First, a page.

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By Sokari Ekine | with thanks to BlackLooks


Thursday, 30 May 2013.

This is not a story of great revolutionary heroes, neither is it a story about Haitian elections, political parties, NGOs, the UN, nor even about cholera, though no doubt many of the residents  have suffered from the illness directly or through the death of relatives and friends.   In the scheme of Haiti’s big stories this is a small story.  It’s a short story of a group of very ordinary Haitian women and their children  who came to live on the top of a desert mountain which is aptly named Canaan 1.   Ilioma Valceus se Claudette moved to Canaan 1, a few months after the January 2010 earthquake along with tens of thousands of other displaced Haitians, the majority of whom were women and children.   In the past year more and more people have moved to the mountain, some evicted from city center camps, others recently evicted from rental property having taken the $500 to voluntary move, only to realize a year later they can no longer pay the rent.




Se Claudette and the women in her community live at the top of Canaan, a 30 minute walk downhill to the tap and the market, and 40 minutes back up the hill.  There are few vendors here just the occasional kiosk.  No electricity and most of the time no phone-signal. Water for bathing and washing is delivered every few days and sells for 7gds a bucket.  During the day, the sun burns on the unprotected landscape but still, the air is fresh, free from the toxic fumes of the city below.  There is a kind of peace on top of the mountain, if only it wasn’t so dry and full of stones, the women could grow some their own food as land is plentiful.    The arrival of the rains has meant the unpaved, pot holed, rocky road have become even more perilous as with each daily rain, the direction and surface change.  For women and girls the quiet peace of the day turns into nightmare threats of violence in the night from rape and sexual harassment.

A stadium is being built and rumour has it that there will also be a new luxury hotel; Haiti is going through a phase of building luxury hotels and repaving roads.  For some reason these are seen to be a priority over providing houses, clinics and free education.   Across the city, the residents of Camp Acra in Delmas 33 are now on constant alert, waiting, watching for the arrival of eviction squads – what is the point of providing the city with parks and roads if people do not have houses which they can afford?  As there are more and more evictions so too will the number of people surviving in Canaan grow.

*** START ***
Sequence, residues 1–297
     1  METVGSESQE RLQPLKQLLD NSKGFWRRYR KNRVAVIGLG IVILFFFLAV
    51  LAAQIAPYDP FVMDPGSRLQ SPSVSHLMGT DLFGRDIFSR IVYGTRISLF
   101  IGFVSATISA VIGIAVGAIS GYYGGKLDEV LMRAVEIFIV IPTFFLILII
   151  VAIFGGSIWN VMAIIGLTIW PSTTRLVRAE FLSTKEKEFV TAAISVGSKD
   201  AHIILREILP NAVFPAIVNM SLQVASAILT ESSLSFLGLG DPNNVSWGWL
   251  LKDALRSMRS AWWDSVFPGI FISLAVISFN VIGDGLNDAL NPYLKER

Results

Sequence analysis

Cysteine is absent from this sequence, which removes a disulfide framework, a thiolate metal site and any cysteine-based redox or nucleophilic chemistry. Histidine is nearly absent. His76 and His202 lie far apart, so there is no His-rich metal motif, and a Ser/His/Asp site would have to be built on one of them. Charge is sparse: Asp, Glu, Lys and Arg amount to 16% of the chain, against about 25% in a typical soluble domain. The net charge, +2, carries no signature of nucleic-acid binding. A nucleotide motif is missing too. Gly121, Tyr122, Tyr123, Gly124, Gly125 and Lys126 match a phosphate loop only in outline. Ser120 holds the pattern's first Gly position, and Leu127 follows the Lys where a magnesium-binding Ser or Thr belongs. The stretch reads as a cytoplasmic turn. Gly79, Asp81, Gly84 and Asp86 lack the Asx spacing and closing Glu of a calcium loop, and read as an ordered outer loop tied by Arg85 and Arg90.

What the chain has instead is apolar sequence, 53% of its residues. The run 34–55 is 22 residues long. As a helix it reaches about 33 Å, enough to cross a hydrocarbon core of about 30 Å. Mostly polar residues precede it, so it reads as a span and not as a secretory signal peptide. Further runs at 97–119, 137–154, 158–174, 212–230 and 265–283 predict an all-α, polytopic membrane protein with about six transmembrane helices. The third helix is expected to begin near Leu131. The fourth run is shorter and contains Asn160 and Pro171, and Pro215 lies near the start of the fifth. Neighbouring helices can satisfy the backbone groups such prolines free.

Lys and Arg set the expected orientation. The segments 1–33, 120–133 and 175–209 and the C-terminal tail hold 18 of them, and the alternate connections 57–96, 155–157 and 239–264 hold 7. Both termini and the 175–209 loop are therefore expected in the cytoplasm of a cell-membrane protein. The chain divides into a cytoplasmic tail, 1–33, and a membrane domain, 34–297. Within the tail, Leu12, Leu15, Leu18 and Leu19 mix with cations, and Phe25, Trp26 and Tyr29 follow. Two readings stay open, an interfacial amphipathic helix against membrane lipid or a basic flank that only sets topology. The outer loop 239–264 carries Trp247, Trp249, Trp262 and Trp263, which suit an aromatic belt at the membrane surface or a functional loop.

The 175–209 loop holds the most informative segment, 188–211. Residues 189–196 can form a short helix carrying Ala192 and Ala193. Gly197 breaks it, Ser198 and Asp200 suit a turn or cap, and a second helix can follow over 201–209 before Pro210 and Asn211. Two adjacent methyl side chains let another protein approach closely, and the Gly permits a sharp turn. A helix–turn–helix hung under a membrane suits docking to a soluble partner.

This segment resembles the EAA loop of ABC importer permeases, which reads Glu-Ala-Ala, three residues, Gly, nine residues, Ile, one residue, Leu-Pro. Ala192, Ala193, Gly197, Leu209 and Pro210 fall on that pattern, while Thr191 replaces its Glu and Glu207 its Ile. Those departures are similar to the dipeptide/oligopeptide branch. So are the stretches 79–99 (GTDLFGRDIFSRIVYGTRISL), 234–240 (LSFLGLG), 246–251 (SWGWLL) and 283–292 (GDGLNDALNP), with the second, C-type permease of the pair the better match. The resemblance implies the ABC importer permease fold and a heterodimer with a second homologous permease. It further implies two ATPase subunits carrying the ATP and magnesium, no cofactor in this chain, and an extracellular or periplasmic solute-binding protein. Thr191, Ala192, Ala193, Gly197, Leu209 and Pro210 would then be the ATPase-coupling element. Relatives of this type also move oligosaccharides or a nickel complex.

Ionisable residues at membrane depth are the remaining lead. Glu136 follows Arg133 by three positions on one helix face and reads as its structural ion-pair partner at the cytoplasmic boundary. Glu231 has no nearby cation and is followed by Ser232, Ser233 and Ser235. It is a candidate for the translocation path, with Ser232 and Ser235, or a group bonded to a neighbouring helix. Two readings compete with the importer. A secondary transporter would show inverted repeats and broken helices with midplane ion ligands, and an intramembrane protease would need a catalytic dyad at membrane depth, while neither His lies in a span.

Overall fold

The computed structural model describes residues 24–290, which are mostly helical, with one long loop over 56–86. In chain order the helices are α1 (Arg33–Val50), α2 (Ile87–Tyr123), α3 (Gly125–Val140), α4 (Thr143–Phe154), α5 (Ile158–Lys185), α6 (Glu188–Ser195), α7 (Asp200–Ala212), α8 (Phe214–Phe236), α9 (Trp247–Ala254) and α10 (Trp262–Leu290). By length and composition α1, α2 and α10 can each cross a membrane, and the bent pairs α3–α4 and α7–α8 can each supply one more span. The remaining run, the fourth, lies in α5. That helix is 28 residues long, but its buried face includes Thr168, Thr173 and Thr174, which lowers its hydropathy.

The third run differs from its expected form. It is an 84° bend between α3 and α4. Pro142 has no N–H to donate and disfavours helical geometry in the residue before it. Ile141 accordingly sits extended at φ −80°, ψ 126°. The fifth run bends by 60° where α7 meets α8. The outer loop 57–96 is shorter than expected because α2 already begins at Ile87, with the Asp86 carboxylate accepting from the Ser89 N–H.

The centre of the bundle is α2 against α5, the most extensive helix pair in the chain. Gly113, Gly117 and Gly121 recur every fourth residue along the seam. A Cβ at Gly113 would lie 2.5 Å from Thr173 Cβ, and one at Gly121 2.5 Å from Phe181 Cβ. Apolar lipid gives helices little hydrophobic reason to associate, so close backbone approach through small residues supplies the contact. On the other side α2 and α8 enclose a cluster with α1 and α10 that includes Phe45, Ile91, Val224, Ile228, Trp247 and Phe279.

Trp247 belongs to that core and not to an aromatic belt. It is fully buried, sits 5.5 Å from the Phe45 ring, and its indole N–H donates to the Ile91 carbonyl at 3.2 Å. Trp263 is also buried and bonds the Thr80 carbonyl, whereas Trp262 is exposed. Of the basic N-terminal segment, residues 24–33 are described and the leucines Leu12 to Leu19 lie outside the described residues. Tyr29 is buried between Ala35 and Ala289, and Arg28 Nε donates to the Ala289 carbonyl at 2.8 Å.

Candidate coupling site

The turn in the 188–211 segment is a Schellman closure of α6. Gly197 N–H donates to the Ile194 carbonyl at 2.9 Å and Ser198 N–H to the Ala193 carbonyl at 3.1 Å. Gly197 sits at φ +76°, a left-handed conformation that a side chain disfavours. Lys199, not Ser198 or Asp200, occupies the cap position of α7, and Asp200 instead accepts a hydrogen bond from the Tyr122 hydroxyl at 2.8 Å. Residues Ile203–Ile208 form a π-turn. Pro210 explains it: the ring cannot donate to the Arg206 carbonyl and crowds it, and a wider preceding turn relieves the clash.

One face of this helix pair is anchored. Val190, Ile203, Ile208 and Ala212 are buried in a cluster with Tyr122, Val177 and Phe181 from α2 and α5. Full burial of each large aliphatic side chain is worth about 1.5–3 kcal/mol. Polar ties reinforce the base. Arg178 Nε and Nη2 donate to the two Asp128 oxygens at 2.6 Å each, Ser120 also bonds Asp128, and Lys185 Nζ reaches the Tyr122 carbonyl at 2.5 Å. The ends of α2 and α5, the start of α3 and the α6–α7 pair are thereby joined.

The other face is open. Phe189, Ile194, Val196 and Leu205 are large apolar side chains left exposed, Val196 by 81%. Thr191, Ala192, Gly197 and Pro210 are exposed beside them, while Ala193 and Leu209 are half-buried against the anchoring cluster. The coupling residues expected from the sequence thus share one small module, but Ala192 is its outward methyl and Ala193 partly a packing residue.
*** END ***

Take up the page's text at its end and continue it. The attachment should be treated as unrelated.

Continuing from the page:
Camp Bakery? 

Camp Acra Bakery

I first met se Claudette briefly some months ago when she visited Solidarity House.  She wanted Mdm Rea and myself to visit Canaan and at least give some encouragement to the women and youth.   They are presently trying to start a much needed  adult literacy class, but also need to generate income.  At present a few of the women have small enterprises and are able to help take care of those with no employment but  this is not sustainable long term.    One sustainable idea we had is for a bakery.  I had visited the two bakeries at Camp Acra and this is probably the best solution for income generation at this time.   A bakery would provide employment for at least 10 women and as there is no bakery in the area,  I see no reason why it would not succeed.   Based on the costs of the Camp Acra bakery, the start- up costs would be US$1,500 – $3000, depending on the number of ovens and the cost of building a small structure from zinc and wood.   The money could be repaid in 6 months to a year and would also enable the women to begin literacy classes and as well as support the weekly Kids Club and monthly youth clubs.

If anyone wishes to donate to the bakery start up please do so via SOPUDEP’s website, with the subject  ’Bakery for Canaan’.

Sokari Ekine is a human rights activist, writer and award-winning blogger. She blogs at http://Blacklooks.org


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